After the battle, Henry was crowned king on Crown Hill - he became King Henry VII, the first Tudor monarch, and the Tudors went on to reign England for the next 118 years.

So we know what happened during the battle, but it seems that for years we haven't known exactly WHERE it took place, although we thought we did.

Over the last 35 years many people have gathered around the stone memorial in a quiet copse of trees with a plaque that reads: "Richard, the last Plantagenet King of England, was slain here 22nd August, 1485."

Except this isn't the case. After a four-year study, historians and archaeologists have concluded that the Battle of Bosworth Field did not take place right next to the village of Bosworth but about two miles down the road.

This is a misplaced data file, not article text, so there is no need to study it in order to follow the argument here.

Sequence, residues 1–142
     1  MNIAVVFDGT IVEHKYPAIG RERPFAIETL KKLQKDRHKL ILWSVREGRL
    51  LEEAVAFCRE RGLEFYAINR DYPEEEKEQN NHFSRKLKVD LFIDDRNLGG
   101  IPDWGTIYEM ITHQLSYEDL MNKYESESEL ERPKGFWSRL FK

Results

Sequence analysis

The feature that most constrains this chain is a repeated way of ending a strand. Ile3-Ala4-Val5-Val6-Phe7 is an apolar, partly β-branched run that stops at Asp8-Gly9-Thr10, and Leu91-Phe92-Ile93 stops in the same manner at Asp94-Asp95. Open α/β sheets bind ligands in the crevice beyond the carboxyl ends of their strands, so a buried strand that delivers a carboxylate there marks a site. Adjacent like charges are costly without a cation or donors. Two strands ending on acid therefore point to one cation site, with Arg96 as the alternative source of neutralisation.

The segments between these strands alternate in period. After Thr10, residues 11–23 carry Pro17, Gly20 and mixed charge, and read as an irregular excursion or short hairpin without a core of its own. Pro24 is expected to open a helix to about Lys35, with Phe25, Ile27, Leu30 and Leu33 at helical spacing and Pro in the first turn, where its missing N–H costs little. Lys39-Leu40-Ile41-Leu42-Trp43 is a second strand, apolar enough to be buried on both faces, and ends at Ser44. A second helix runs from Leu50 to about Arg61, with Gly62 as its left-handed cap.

Battle of Bosworth Field... located in the wrong field

From Times Online
October 28, 2009


Battlefield experts and historians used soil samples, peat deposits, contemporary documents and maps as clues to pinpoint the site


The current site was opened as an attraction in 1974 and last year it officially became a museum


The archaeological survey of Bosworth battlefield has so far produced 22 lead roundshot fired from artillery and bullets fired from early hand guns

The thousands of tourists and school children who have travelled to Bosworth for re-enactments, tours and talks on the decisive War of the Roses battle might want to consider revisiting the area.

Over the last 35 years many have gathered around the stone memorial in a quiet copse of trees with a plaque that reads: "Richard, the last Plantagenet King of England, was slain here 22nd August, 1485."


The Battle of Bosworth, 22nd August 1485

Except he wasn't.